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US needs to make trade with Mexico more efficient

As the son of Mexican immigrants, Ruben Barrales realizes his heritage helps him do his job and break down barriers.

The president and CEO of the San Diego Regional Chamber of Commerce said he’s “fortunate” he can speak Spanish, because it helps him build relationships with Mexico that result in job creation and business investment opportunities.

“We are constantly working with our counterparts, elected officials and leaders,” said Barrales, whose chamber is nearly 3,000 members strong.

His team makes a yearly trek to Mexico City to meet with Mexican officials and tackle issues related to trade, tourism and border infrastructure. The next trip is scheduled for the spring, when he will get to meet with the members of the new presidential administration.

Barrales’ daily activities include working with partners south of the border to figure out ways to work together and boost each others’ economies. Tijuana and San Diego have a combined 250,000 manufacturing jobs.

“Manufacturing in Tijuana is becoming more sophisticated in sectors like electronics and aeronautics,” he said.

Tijuana is busy in its factories every day, making everything from TVs to telecommunications equipment for airports and astronauts, to heart pacemakers. But physically transporting that plethora of goods is a problem that Barrales is working to solve.

He visited Washington, D.C. in September to push for funding to finish a border crossing project that will open up new pathways for trade and tourism between San Diego and Mexico.

The world’s busiest land border crossing sits where Interstate 5 crosses into Mexico at Tijuana, at San Ysidro. Just six miles east sits the popular cargo and commercial crossing at Otay Mesa, which sees 3,000 trucks passing through every day in both directions.

But holdups and long delays plague the border crossings, keeping people and goods from entering the United States.

Nearly 340,000 people travel every day through the San Ysidro, Otay Mesa and Tecate border crossings linking California and Mexico’s Baja California, according to a 2005 study by the San Diego Association of Governments (SANDAG) and Caltrans, but more than eight million trips across the border are lost because travelers are unwilling to fight congestion and an average wait time of 45 minutes.

That equates to a loss of nearly $1.3 billion in potential revenues, mostly in the retail sector.

“If we can improve the efficiency of the border we can create more economic development and jobs,” Barrales said.

The U.S. federal government approved the expansion of the San Ysidro Port of Entry in three phases. So far, it has funded and completed the first phase of construction.

Meanwhile, the Mexican government has almost completed the entire renovation of El Chaparral, the facility on its side of the border crossing. That means San Diego needs to speed up its side of the deal.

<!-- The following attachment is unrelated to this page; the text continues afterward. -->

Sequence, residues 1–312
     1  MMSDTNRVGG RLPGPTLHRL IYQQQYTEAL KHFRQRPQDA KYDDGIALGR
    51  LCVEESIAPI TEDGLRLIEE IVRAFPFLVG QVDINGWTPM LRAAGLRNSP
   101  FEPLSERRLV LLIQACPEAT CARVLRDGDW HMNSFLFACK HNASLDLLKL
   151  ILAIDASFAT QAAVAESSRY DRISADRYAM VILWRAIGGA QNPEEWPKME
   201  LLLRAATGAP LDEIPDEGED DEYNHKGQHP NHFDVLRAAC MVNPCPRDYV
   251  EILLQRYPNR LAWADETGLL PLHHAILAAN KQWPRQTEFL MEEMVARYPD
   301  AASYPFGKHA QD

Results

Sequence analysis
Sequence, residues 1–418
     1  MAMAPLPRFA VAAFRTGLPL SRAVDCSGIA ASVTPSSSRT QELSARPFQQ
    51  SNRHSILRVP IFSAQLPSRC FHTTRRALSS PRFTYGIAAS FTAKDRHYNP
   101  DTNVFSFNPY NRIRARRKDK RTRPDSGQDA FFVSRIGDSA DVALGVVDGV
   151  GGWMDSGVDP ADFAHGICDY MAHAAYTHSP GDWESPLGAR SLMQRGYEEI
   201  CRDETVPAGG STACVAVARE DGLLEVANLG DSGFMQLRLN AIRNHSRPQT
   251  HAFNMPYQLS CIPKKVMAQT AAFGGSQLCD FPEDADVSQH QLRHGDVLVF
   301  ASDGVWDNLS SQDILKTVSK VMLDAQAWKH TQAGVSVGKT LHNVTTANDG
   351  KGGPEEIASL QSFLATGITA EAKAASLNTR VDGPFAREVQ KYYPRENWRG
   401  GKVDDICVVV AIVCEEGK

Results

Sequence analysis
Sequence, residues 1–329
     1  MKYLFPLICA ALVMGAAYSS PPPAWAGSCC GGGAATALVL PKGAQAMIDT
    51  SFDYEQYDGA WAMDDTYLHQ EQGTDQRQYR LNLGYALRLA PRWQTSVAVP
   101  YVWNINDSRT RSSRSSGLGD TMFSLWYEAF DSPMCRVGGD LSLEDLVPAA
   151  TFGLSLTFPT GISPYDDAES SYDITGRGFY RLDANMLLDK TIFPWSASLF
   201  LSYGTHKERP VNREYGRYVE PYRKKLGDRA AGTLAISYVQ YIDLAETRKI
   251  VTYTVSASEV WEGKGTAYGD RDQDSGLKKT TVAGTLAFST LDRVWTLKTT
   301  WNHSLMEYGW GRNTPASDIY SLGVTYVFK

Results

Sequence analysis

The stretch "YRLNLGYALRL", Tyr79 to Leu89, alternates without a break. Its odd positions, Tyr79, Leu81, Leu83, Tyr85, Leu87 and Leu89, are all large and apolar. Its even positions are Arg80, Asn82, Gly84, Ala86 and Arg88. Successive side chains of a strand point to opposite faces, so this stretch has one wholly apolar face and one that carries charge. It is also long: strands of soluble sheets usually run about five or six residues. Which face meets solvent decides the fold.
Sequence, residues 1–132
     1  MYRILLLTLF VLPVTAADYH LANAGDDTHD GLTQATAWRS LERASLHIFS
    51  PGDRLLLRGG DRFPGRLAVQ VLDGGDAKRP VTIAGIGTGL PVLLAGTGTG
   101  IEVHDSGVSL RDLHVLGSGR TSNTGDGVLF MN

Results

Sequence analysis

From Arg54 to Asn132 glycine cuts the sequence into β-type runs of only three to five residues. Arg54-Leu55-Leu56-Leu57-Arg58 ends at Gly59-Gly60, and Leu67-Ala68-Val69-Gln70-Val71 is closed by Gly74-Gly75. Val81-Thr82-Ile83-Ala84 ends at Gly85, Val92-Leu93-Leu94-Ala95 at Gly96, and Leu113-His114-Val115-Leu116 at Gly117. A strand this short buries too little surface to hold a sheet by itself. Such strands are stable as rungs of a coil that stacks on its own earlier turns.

“In one or two months, we will have a situation where the constraint will be on the U.S. side, which will unfortunately create potentially more congestion at the border until the next two phases are complete,” Barrales said.

As a result, his primary focus right now is securing the federal government’s commitment to expand the crossings, and the annual D.C. trip was designed to rally for that funding.

Barrales is no stranger to the way Washington works. The former Deputy Assistant to President George W. Bush was also the Director of the Office of Intergovernmental Affairs.

He brought a 100-person entourage of supporters from both sides of the border, including Mayor Jerry Sanders, Tijuana Mayor Carlos Bustamante, the majority of the San Diego City Council and Jim Janney, mayor of Imperial Beach. The agenda included meeting with elected officials and members of Congress from San Diego.

They also got face time with the Department of Transportation, Customs and Border Protection, the White House and other agencies that have jurisdiction or oversight over border crossings.

“We made it very clear that improvements to our existing border crossings are a priority,” he said. ”I feel that we are going to see quite a few results related to the expansion of border crossings.”

There are also plans to plunk two more border crossings in the San Diego region. One would sit across from the Tijuana International Airport to open up more travel options for San Diegans.

The project would create a secure bridge that lets U.S. passengers park on the Otay Mesa side, and cross through the terminal directly into the Tijuana Airport.

“It’s a stone’s throw away from the border on the Tijuana side,” Barrales said.

There are already one million people a year who cross over the border to use the airport from the U.S. side; projections show that number could double if the project is completed.

The second border crossing, a couple miles east of Otay Mesa, would help boost the number of commercial trucks driving across the border.

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